Like many, Tim Youd ’89 goes to work and types at a desk. However, the desk varies depending on the state or country he’s in, and when he types, it’s not on a desktop or the newest MacBook: It’s on a typewriter, technology of the past that proves instrumental to his work.
He’s two-thirds through his ambitious “100 Novels” project, a years long creative endeavor in which he retypes beloved, controversial and groundbreaking novels as performance art over the course of numerous days on the same model typewriters on which they were originally created. Each novel is retyped on a single sheet of paper, backed by a second sheet, which together are repeatedly run through the typewriter. By the end, one sheet is near-battered and often torn, having been typed on for hundreds of pages, and the other likely stained with ink that bled through the top page. The two are presented side by side as a diptych, mirroring an open book.
Youd has completed 65 novels and catalogs an ever-evolving database of the hundreds of books he’d be interested in tackling. The lone rule: The novel must have been written on a typewriter.
“Because I come at this from the perspective of a visual artist, what got me interested in the idea in the first place was the recognition that when you’re reading a book, on a formal level you’re looking at a rectangle of black text inside a larger rectangle of white,” he explains. “It was that visual stimulation that led me to think about compressing all the words, almost palpably — squeezing the book into that rectangle of paper.”
Youd first retyped Hunter S. Thompson’s “Fear and Loathing in Las Vegas” in early 2013 in his Los Angeles studio. At that point, he didn’t realize he had initiated what would become “100 Novels.”
“Thompson had typed out ‘The Sun Also Rises’ and ‘The Great Gatsby’ because he wanted to better understand those books from the inside-out; like if you want to be an architect, you build a house,” he says. “He took a hands-on approach, which I appreciate. I think with visual art and writing, there’s an element of craftsmanship. You get your hands on it and those things come together and inspired my first exploration, which also obliquely connected to the fact that I’d visited some writers’ houses over the years and was conversing with this idea of a literary pilgrimage.”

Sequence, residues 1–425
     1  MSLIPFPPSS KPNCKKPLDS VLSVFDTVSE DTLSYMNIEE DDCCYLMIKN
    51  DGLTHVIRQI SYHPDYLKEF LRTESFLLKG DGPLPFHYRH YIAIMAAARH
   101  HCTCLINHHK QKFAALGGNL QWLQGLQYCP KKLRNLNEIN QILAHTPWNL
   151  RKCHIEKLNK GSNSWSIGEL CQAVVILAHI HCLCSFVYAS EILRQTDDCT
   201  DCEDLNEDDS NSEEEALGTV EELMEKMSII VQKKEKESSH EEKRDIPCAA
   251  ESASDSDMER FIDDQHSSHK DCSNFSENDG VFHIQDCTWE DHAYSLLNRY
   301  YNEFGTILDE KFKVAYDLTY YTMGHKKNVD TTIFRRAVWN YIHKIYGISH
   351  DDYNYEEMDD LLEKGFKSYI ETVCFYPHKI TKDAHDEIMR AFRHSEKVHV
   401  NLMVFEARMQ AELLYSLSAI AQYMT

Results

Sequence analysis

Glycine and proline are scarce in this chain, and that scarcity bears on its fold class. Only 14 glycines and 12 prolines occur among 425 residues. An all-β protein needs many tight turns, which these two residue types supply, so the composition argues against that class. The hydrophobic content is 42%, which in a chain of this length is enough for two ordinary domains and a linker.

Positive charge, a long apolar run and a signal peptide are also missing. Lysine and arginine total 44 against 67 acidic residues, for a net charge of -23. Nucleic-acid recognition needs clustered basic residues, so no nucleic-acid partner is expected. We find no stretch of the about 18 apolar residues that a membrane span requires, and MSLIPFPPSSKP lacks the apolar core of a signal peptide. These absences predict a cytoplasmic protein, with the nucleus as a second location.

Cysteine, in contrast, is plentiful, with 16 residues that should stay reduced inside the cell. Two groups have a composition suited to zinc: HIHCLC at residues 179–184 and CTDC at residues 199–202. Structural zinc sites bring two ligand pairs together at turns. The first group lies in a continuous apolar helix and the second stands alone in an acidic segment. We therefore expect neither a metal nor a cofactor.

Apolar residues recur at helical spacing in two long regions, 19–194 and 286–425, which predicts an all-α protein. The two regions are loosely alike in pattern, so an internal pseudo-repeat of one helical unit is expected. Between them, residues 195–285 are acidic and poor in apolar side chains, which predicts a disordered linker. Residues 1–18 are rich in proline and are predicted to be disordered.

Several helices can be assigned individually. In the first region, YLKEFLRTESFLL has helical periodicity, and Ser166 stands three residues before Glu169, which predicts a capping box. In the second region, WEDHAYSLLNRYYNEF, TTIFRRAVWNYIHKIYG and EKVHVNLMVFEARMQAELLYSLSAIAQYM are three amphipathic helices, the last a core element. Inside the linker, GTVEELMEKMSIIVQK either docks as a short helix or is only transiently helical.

He didn’t perceive that first completion as a performance, but the work snowballed from there. After a few retypings in his studio, a coincidence jumpstarted the project a few months later.
“This gallery that showed my work early on was going to New York for an art fair, and at the same time, I was on the board of the Henry Miller Memorial Library in Big Sur and they were heading to Brooklyn, where Miller is from,” Youd says. “So I thought this would be a chance to do a retyping of a novel in the location that was significant to Miller.”
The library then contacted The City Reliquary Museum in Brooklyn, and after syncing up, Youd sat outside the museum and typed Miller’s “Tropic of Capricorn” on the sidewalk.
“I was there for 12 days, it’s close to 350 pages,” says Youd, who retypes about six pages an hour. “The first morning I had a sign saying this is what I’m doing and I’m not going to stop and talk, but after an hour or so, I took that down and allowed myself to be interrupted. People had a lot to say! I’ve kind of maintained that approach; generally speaking, if someone wants to talk to me, I’ll stop and see what they want to say. It was my first time doing this and it was a kind of kooky environment — people would ask me for directions; I was this odd street person.”